Mother's Baby Rarely Pee? This is the Possible Cause

Usually babies can pee and change diapers up to six times per day. In certain conditions or at certain times, babies become less frequent pee. What exactly causes babies to pee less often?

Baby's bladder can only hold about 30-40 ml of urine, so if the baby is still drinking well, he will pee quite often, about every 1-6 hours. If your little one doesn't pee or the diaper isn't wet at all for a whole day, you need to pay attention to this condition further.

Causes of Babies Rarely Peeing that Mothers Need to Know

Infrequent urination in infants is not a condition that can be taken lightly. Because the frequency of urination is closely related to the condition of the urinary system. Urine or pee issued by the baby is a residual substance that must be removed regularly.

Babies are called infrequent urination if the frequency of urination is less than 3 times a day, not urinating at all within 6 hours, or if the amount of urine is less than 1 ml/kg BW/hour. So if the baby's weight (BB) is 7 kg, he needs to excrete 7 ml of urine per hour. If the urine is less than this amount, the baby may have the following conditions:

Dehydration or lack of fluids

Dehydration is the most common cause of infrequent urination, especially in infants under 6 months of age. Dehydration can occur when the baby has a fever, diarrhea, vomiting, or vomiting. Dehydration conditions can be characterized by a reduced frequency of baby peeing, which can be seen by reducing the number of diaper changes.

In addition, dehydration can cause a number of other symptoms, including:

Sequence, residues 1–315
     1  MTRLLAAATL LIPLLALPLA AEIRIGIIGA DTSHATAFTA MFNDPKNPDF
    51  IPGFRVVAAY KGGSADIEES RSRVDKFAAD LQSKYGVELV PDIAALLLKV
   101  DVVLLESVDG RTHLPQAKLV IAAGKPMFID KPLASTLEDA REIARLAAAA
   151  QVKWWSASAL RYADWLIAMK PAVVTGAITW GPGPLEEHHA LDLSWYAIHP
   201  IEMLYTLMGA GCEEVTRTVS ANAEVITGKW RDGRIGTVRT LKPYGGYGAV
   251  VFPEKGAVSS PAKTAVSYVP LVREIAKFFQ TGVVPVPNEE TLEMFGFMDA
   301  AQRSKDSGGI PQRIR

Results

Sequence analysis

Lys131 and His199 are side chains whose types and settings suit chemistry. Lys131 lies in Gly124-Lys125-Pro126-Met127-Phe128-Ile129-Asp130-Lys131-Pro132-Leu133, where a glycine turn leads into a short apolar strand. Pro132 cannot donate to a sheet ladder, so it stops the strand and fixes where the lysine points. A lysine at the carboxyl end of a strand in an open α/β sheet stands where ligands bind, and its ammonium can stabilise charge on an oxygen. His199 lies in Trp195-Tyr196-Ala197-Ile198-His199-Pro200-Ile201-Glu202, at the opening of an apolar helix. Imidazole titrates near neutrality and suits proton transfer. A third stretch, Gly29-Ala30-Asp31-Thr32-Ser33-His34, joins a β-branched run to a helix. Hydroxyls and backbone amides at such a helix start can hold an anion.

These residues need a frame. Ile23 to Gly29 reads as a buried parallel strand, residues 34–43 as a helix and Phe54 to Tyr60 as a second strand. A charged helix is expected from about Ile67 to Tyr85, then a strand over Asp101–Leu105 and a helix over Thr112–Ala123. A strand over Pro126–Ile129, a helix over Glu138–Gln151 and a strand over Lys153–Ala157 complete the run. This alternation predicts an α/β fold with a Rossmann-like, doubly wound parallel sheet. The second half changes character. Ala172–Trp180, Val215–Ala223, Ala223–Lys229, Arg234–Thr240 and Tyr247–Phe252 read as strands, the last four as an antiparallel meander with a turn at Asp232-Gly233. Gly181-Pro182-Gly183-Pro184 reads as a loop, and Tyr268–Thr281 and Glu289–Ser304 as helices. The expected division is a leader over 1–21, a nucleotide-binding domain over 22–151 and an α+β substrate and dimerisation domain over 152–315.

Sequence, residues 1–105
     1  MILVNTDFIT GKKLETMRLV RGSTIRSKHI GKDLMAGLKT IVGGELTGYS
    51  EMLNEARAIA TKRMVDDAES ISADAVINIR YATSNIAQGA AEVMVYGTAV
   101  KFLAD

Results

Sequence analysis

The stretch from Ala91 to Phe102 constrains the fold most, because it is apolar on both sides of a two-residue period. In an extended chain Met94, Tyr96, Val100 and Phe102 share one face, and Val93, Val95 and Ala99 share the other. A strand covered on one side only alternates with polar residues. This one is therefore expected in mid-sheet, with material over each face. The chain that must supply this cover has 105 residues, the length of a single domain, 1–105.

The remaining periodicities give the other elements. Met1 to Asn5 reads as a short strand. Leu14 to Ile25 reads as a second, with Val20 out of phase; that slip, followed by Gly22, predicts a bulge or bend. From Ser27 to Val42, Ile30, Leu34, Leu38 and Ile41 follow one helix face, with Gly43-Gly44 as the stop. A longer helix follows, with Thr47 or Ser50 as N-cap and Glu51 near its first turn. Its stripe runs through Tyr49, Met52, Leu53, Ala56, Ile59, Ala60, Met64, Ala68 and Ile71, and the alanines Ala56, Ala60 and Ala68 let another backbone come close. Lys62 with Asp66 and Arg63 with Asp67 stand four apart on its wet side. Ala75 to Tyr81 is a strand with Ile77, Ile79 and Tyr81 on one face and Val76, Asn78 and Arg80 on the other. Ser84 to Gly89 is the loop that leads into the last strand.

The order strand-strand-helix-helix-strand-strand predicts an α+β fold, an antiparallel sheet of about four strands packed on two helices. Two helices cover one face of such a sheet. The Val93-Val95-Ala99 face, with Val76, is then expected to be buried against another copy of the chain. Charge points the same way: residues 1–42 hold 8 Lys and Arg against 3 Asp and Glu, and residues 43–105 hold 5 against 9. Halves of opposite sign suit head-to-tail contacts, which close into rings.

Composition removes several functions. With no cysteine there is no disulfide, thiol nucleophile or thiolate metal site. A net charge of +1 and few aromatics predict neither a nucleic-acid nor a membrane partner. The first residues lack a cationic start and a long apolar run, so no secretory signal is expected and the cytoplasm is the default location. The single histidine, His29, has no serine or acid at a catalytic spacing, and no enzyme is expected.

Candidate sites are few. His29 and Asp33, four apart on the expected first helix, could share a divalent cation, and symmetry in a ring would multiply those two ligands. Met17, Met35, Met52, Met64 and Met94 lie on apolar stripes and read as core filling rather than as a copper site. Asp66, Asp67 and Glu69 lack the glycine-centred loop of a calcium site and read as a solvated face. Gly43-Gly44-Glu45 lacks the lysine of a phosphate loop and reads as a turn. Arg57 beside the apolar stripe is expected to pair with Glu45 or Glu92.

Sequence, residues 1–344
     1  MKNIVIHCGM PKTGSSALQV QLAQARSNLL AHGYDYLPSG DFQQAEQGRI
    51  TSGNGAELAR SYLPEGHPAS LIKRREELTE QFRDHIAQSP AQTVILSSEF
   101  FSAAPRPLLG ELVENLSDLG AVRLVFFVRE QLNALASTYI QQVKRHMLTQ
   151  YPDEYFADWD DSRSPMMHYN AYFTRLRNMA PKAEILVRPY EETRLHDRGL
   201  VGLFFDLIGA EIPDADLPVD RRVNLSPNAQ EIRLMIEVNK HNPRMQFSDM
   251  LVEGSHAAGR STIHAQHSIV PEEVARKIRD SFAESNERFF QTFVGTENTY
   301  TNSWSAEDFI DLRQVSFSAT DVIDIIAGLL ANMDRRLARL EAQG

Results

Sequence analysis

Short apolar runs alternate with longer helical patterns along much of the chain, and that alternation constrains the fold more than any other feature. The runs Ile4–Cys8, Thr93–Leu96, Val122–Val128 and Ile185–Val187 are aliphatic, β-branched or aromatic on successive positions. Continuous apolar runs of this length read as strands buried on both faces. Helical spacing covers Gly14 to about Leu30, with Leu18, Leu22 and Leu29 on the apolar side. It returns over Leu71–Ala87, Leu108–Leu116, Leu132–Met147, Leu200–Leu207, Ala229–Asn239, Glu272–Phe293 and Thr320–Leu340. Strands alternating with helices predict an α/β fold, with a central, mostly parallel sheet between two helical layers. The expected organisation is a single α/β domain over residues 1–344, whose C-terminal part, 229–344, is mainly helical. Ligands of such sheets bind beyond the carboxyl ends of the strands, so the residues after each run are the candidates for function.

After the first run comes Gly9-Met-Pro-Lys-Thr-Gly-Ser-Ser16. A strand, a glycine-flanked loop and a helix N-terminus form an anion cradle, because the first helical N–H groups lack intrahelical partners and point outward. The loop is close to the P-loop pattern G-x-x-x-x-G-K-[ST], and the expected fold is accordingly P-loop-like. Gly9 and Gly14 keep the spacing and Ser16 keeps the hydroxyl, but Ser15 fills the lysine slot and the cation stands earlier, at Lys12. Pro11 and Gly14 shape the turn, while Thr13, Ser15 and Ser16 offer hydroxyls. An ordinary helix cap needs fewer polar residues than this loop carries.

• Drowsy and sleeping longer than usual.
  • Lazy to play or laugh.
  • Mouth, tongue and skin appear dry.
  • Eyes look sunken and tired.
  • Crying without tears.

If your little one experiences the signs above, the first step you need to take is to increase the frequency of fluid intake. If your baby usually feeds every 3 hours, then do it every 30 minutes.

If your little one is over 6 months old, you can give him ORS, especially if he has diarrhea. But if your little one's condition doesn't improve and he's getting lazy to drink, it's recommended that you take him to the doctor immediately.

Disorders of the urinary tract

Urine produced by the kidneys needs to pass through the urinary tract, until it is finally expelled from the body through the urethra. The presence of disturbances in this channel, such as blockages, infections, strictures (the formation of connective tissue due to injury), or deformities, can interfere with the frequency of urination and the amount of urine the baby has.

If it is caused by a disturbance in the urinary tract, the baby's complaint of infrequent urination can be accompanied by a number of the following symptoms:

  • Fever.
  • Anyang-anyangan, often pee but only a little.
  • Lazy to eat and more fussy than usual.
  • Urine is thick, dark in color, and has a bad smell.

This condition cannot be underestimated and needs to be immediately checked by a doctor for treatment.

Kidney disorders

Kidneys are organs that function to filter and remove waste products through urine. When kidney function is impaired, urine production can decrease, so the baby looks less likely to pee.

Genetic factors, birth defects, infections, injuries, and certain diseases can cause kidney problems in babies. Therefore, if your little one does not pee at all or looks like he is peeing very little even though he is drinking enough, and his body looks swollen and his skin looks pale, immediately consult a doctor, yes.

It is important for mothers to regularly check and change baby's diapers. The diaper should be a little wet, a little heavier, bloated, and smell like urine when the baby pees. Now, if you don't find this even though you have given enough fluids, take your little one to the doctor for an appropriate examination and treatment.